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Optimism reigned at CFS

From the HGO Merchandiser

 11 September 2017     Ashley Newport 

MISSISSAUGA, Ontario – Over the past three years, the Canadian Furniture Show (CFS) has undergone a number of major changes. It has shortened its name, launched (and then quickly retired) Consumer Day and welcomed more design-centric speakers while transiting from being a winter event to a spring event.

But although event organizers – the Quebec Furniture Manufacturers Association (QFMA), which has operated this country’s only national furniture industry event for the past 45 years – have made fairly significant changes to the show, this was probably the first year that something much harder to alter shifted – attitudes, on both the part of exhibitors and attending retail buyers and designers.

This year’s CFS was held in the all-too familiar International Centre, just across the street from Pearson International Airport in the Toronto suburb of Mississauga on the weekend of May 26 – just as it has been for all of its 45-year history. Although it was smaller than it has been in recent years, it was certainly the most exuberant held in the past few years.

The Beam lamp, which comes in three sizes, is part of a new collection of décor accessories from Trica. It is seen here in grey oak.Featuring special presentations by design guru and television personality Sarah Richardson, engaging data expert David Coletto and retail success story Kimmberly Capone, the show focused – as it’s been doing more steadily while welcoming more designers to the fold – on a mix of style, selection and education.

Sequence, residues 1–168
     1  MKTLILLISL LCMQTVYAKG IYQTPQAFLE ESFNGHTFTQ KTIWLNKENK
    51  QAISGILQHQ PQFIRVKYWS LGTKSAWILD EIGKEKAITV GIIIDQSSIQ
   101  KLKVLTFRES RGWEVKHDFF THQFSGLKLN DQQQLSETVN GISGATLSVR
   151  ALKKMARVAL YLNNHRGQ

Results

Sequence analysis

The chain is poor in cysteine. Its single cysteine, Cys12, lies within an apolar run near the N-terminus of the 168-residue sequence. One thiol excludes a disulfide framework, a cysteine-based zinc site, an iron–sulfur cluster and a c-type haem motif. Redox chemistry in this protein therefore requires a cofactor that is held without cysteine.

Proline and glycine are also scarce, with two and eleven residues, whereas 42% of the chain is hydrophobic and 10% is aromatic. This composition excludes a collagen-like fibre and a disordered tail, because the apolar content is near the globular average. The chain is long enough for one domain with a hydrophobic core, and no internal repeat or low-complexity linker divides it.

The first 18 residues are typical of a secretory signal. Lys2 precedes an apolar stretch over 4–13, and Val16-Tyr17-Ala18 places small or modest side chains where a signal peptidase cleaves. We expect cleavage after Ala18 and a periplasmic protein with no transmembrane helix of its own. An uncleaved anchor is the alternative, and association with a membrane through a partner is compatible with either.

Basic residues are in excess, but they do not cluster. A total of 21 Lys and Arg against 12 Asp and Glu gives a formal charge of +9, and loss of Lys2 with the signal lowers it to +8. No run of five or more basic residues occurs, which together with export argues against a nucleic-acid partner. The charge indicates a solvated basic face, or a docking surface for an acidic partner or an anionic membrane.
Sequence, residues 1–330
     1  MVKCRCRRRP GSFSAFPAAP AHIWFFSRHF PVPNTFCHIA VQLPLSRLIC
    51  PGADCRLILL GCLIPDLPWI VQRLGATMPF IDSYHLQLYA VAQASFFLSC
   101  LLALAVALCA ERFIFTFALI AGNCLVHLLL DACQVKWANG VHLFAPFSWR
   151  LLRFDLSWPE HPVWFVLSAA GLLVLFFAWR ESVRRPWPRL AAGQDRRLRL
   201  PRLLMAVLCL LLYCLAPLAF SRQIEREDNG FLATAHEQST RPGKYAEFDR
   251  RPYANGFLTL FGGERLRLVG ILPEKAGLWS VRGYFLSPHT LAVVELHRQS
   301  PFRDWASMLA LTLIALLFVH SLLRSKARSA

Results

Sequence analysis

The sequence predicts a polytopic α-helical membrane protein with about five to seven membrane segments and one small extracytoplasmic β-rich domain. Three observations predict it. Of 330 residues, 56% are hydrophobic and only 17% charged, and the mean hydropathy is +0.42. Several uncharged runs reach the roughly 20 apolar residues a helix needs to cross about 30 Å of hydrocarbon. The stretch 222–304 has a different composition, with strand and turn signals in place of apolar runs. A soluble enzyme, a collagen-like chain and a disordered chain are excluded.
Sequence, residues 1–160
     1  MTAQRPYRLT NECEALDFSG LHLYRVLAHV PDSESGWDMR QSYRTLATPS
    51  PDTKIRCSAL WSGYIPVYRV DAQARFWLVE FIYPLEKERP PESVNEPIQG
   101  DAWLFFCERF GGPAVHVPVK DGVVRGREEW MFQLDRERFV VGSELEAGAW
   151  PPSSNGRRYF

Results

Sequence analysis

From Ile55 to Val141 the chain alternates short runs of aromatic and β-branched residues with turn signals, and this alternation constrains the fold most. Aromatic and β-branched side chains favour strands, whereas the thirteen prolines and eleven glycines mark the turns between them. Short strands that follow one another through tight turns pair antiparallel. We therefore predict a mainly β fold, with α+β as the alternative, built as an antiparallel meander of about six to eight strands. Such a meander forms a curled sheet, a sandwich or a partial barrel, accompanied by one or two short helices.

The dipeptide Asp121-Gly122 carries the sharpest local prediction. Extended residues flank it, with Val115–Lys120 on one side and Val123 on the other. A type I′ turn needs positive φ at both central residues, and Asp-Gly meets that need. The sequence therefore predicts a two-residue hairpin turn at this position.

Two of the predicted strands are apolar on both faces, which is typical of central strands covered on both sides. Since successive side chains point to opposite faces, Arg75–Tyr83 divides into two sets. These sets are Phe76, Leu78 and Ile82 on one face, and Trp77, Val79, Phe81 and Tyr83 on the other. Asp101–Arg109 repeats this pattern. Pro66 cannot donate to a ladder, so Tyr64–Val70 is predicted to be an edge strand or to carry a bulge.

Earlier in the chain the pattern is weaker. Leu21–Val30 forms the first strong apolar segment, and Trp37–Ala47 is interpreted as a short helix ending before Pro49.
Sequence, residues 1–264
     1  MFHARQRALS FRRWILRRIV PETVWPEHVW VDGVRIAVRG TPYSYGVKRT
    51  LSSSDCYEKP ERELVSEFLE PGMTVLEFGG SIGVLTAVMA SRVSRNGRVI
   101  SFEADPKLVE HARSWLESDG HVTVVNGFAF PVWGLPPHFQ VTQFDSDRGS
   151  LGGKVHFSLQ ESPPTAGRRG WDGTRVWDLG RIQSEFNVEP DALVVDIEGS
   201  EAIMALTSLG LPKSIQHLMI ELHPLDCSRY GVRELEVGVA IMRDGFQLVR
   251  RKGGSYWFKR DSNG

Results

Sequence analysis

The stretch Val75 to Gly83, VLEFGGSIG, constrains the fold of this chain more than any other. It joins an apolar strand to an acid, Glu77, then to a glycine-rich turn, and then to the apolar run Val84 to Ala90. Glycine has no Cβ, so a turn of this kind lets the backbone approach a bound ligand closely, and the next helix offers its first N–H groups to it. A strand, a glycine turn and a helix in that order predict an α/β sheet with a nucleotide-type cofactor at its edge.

The pared down three-day event featured some 230 exhibitors showcasing everything from mattresses to solid wood bedrooms and dining rooms to bold upholstered pieces and glossy imports of every description and category. Boasting its usual array of temporary, permanent and off-site showrooms, the show seemed to elicit a different, more positive response from both exhibitors and buyers.

As for what prompted the optimism, it’s likely a combination of factors. While some buyers praised the on-trend products, one couldn’t help but get the impression that the contentment was fueled, at least in part, by a return to balance, normalcy and – dare we say it – prosperity in the overall market and the Canadian economy in general. Finally, furniture can be fun again.

So, what’s trending?
While it wouldn’t be correct to say CFS is entirely focused on style (it offered a broad range across most of product categories of interest to Canadian furniture and furnishings retailers), it worked hard to bring style awareness to audiences in the form of sophisticated talks.

Sarah Richardson of the Toronto-based Sarah Richardson Design took the stage to provide insight on the latest consumer trends and advise attendees on how to grow their brands and reach more customers. onsumers. Unlike last year’s presentation by fellow designer Steven Sabados, Richardson focused more on refining one’s business acumen than curating a home.

“Design keeps us employed, but not every consumer can afford to hire a professional,” she said. “We're all striving for harmony, whether you’re a manufacturer or a designer or a retailer. Regardless of budget or home, it can go from a dramatic before to a beautiful after.”

Richardson offered some useful anecdotes about starting small, mentioning – much to the surprise of more than a few audience members – that flea market and thrift store finds launched her career.

“Great results are about great creative ideas,” she pointed out. “Believe that budget is not a barrier to great design.”

She also advised attendees to be aware of the transient nature of trends. “Not every trend can be embraced. New leaf green, I don't imagine in a big way on walls and furniture,” she noted. “Where are we today in the world market? I look at social media and am inspired by ideas on Instagram from around the world. As a buyer, you're a curator. Know your customer. My customers have limited means and almost everybody has a budget. Who are you serving? Coastal style? Country style? City style?”